SDSU Study Finds Gamers Often Play 'Pokemon Go' While Driving - NBC Bay Area

SDSU Study Finds Gamers Often Play 'Pokemon Go' While Driving

A recent study by an SDSU professor suggests that hundreds of thousands of people drive while playing the game.

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    SDSU Study Finds Gamers Often Play 'Pokemon Go' While Driving
    Ayer Police
    Ayer Police posted this sign urging people not to play Pokemon Go while driving in Massachusetts a few months ago.

    San Diego State University researchers released a study that suggests the augmented reality game, Pokemon Go, may pose a risky distraction to drivers.

    Newly released data indicates hundreds of thousands of players are driving while playing the game or distracted by other players.

    SDSU researchers analyzed social media and news reports related to the augmented reality game, Pokemon Go, to investigate possible driving hazards. The team found 14 car crashes that news reporters connected with Pokemon Go, which included two fatal crashes.

    “Considering that people had to tweet or be tweeted about to be captured in our study, we are likely underestimating distractions linked to Pokémon GO,” said Eric Leas, the study’s coauthor and a doctoral student in the SDSU/UCSD Public Health Joint Doctoral Program, in a statement.

    “Yet, in just 10 days, our findings suggest there were more than 110,000 cases of potentially distracted drivers or pedestrians, and 14 accidents, giving a clear justification for a public health response.”

    The study was led by SDSU's Graduate School of Public Health, assistant research professor John W. Ayers, and University of California, San Diego, professor Linda Hill.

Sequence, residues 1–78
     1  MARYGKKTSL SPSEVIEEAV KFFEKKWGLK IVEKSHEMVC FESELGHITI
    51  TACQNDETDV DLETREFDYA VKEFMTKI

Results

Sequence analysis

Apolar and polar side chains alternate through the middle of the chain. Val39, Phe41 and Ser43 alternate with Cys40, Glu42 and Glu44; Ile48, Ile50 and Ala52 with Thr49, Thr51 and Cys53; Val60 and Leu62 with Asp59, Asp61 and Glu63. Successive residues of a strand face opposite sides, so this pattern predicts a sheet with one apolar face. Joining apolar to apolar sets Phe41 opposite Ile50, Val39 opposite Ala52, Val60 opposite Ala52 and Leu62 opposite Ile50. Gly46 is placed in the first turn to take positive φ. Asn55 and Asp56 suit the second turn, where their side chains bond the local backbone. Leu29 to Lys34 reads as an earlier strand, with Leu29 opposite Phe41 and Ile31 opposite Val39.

“By relying on big media data we can rapidly discover emerging public health issues by directly observing what the public is thinking and doing in their own words and in near real-time,” Ayers said, in a statement.

    According to the medical journal, JAMA Internal Medicine, the social media was analyzed by compiling and reviewing 345,433 twitter posts that combined words like "driving," "drive," or "car" with "Pokemon."

    Roughly 33 percent of these tweets came from Pokemon Go players either driving or riding in a car, or from pedestrians distracted by the game, according to the analysis. Out of that percentage, 18 percent suggested the player was driving, 11 percent that a passenger was playing and 4 percent that a pedestrian was playing near traffic.

    Researchers say the numbers are alarming when considering the fact that motor vehicle crashes are the leading cause of death for people between age 12 and 24, which represents the game's target audience.

    The researchers noted that more precautions could be taken such as editing the game design so that Pokemon Go cannot be played at driving speeds, and increasing awareness about the dangers of distracted driving.